Past lessons unlearned, Gulf drilling is at all-time high


I guess this falls in the category of “now they tell us,” but BP essentially admitted in court this week that the 2010 oil-spill disaster might have been much less worse if the company had taken a simple safety precaution ahead of time:

If BP already had a capping stack of the type it eventually used to close the erupting oil well in the Gulf of Mexico in 2010, it could have ended the crisis sooner, said the company’s leader in its campaign to control the well, during an ongoing federal trial in New Orleans on Wednesday.

Company executive James Dupree said storing such backup equipment is something BP and other oil companies now do, in the aftermath of the 2010 disaster.

While Dupree agreed under questioning by lawyer Brian Barr, who represents plaintiffs against BP, that the technology existed to build new capping stacks that could be lowered atop undersea gushers, he said one with the exact specifications needed for the wayward Macondo well did not exist and required work to configure.

“On the source control side, we didn’t have the preparations that we have today,” Dupree said.

“Those are preparations you could have had?” asked Barr. “Had we had the foresight, we could have had them,” Dupree responded. “That’s why we had to engineer so many things on the fly,” he said.

This is enlightening to read — but also frustrating. For one thing, I had joined with other environmentalists at the height of the crisis to warn that the “solution” that BP was initially trying, the so-called “top kill,” was doomed to fail, which it did. More importantly, it’s good to know that oil companies are now voluntarily stocking these back-up blowout preventers, just in case — but these are the kind of safety measures that should be required by law. Instead, Congress and the federal government have utterly failed to do what most observers expected them to do in the wake of a 5-million barrel oil spill — pass comprehensive laws and regulations aimed at ensuring something like that never happens again.

Instead, the feds have been busy — issuing new permits to drill as fast as they can:

 In October 2010, the Obama administration lifted its five-month ban on deepwater drilling in the U.S. Gulf of Mexico following BP (BP)‘s disastrous oil spill. Three years later, global oil companies are flocking back to the deepest waters of the Gulf, snatching up oil leases and drilling permits at a record level.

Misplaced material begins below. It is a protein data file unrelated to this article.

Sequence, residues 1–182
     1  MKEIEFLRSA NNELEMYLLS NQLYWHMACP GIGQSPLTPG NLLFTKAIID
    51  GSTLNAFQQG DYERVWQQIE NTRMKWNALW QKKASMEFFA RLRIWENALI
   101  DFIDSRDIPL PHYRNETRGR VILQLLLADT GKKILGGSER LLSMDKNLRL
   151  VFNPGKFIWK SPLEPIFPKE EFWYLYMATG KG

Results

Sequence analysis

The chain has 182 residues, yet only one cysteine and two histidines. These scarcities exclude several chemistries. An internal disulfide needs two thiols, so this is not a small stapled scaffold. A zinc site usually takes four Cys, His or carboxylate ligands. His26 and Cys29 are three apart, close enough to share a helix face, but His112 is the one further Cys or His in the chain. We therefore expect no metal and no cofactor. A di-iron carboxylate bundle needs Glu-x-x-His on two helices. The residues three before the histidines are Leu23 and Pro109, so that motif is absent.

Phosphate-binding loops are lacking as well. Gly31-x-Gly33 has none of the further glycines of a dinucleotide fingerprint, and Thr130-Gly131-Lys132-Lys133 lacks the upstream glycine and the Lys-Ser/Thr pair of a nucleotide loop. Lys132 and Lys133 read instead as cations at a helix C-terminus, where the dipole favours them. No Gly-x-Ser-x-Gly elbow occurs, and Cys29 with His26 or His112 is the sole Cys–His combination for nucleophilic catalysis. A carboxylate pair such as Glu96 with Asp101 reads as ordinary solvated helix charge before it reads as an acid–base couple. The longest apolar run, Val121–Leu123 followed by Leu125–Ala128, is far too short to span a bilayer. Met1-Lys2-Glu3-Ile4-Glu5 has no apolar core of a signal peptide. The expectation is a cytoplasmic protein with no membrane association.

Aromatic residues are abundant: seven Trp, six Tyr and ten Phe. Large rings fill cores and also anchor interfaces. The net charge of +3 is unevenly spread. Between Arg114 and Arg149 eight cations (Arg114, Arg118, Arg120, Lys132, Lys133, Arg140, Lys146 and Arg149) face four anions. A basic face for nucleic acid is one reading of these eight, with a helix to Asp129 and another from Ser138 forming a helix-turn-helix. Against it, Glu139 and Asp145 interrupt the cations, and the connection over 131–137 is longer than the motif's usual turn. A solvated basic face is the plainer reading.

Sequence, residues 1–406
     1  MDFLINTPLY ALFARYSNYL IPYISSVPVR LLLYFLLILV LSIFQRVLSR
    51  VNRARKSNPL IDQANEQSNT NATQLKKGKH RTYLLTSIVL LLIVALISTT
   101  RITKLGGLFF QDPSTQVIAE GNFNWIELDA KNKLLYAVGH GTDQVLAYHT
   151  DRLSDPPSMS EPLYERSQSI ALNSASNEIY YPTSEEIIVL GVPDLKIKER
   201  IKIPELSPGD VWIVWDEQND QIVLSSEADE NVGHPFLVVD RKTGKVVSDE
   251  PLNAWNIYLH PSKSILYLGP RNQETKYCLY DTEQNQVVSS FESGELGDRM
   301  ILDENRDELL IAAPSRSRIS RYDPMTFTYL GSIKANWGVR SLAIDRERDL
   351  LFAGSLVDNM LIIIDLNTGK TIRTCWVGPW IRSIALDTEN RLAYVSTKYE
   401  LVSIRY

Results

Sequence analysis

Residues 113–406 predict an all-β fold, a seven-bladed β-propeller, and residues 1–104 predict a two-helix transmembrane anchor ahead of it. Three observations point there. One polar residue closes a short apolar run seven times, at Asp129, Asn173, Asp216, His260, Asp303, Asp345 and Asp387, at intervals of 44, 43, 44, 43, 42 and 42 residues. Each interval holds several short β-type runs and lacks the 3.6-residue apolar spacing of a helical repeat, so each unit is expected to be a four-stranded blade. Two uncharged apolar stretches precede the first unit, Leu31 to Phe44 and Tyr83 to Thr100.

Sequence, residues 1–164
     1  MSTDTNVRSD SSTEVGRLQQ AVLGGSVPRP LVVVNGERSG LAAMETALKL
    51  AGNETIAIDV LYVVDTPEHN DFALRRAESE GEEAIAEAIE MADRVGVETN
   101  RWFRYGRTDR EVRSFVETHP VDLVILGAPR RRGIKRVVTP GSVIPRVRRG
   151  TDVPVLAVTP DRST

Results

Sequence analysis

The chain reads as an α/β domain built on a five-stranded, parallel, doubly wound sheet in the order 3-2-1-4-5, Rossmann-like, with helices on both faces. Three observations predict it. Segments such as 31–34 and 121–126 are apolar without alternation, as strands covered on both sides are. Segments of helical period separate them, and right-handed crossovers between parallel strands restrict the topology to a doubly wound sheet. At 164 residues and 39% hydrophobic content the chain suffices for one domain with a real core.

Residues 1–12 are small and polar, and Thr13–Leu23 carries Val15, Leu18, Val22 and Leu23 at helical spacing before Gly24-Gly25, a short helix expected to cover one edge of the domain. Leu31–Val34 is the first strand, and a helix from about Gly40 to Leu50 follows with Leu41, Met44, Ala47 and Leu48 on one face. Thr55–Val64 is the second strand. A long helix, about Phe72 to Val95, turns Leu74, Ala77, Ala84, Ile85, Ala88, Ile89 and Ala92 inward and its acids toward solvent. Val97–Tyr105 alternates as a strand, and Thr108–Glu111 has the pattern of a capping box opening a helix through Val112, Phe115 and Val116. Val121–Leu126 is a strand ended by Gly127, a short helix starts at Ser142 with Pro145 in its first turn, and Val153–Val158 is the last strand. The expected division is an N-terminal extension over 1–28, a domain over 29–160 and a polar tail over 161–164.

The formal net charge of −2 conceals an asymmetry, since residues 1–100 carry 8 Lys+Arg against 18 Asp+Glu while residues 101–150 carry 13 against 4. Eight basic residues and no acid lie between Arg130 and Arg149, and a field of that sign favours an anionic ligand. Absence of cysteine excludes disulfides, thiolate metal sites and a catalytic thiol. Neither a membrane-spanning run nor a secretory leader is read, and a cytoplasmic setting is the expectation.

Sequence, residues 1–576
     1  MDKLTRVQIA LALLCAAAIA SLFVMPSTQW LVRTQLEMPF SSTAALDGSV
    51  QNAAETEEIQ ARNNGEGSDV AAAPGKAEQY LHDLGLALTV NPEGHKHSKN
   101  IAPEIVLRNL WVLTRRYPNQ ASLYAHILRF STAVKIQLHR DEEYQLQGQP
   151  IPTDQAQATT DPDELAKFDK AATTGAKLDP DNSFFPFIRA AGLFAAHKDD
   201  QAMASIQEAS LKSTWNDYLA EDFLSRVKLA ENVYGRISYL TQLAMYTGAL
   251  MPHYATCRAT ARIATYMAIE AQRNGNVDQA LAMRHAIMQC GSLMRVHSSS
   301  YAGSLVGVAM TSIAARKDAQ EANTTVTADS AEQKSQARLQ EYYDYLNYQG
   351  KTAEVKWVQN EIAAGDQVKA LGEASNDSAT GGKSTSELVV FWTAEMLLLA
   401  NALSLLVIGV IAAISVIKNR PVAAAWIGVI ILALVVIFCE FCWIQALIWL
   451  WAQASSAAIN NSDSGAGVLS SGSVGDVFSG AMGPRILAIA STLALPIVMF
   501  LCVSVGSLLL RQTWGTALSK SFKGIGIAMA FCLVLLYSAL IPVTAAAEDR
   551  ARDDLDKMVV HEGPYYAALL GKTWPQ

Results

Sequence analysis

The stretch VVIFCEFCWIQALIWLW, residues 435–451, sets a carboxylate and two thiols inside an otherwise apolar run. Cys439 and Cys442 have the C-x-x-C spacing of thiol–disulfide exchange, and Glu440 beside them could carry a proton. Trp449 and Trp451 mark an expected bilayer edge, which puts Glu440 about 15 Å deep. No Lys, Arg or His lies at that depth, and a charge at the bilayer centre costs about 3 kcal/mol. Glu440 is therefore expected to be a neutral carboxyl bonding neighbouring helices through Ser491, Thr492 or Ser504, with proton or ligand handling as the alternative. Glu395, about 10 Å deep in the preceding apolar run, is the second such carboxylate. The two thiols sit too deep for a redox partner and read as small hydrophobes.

The number of drilling permits issued in the U.S. Gulf reached a record 807 on Sept. 26, according to a new report by Bloomberg Industries, an increase of more than 14 percent over the same period last year. According to oil-services company Baker Hughes (BHI), there were 62 rigs operating in the Gulf as of Sept. 27, more than at any time in four years. Rig counts fell dramatically following the Deepwater Horizon explosion in April 2010, dwindling to a dozen within three months of the disaster.

“The Gulf of Mexico is definitely back,” says Julius Walker, an energy markets strategist at UBS Securities. “There’s been so much focus on the onshore shale boom, a lot of people have forgotten about the Gulf.”

That’s a good way of putting it, that a lot of people have forgotten about the Gulf  (although apparently not BP, which — the article notes — has received 17 new drilling permits in 2012 and so far in 2013). This is the great underreported energy story of our time, that the giddiness over increased U.S. fuel production has come as a result of extreme drilling in places of great risk, like a mile or more under the Gulf of Mexico. Every time I read about the expanded offshore drilling in the Gulf, I think of two things: 1) Are we do everything we can to ensure that the process is safe and 2) how stupid will we feel if there’s another Deepwater Horizon-sized disaster?

To learn more about BP’s lack of safety precautions before the 2010 spill, please read:

For coverage in Business Week about the surge in offshore drilling permits, check out:

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Stuart H. Smith is an attorney based in New Orleans fighting major oil companies and other polluters.
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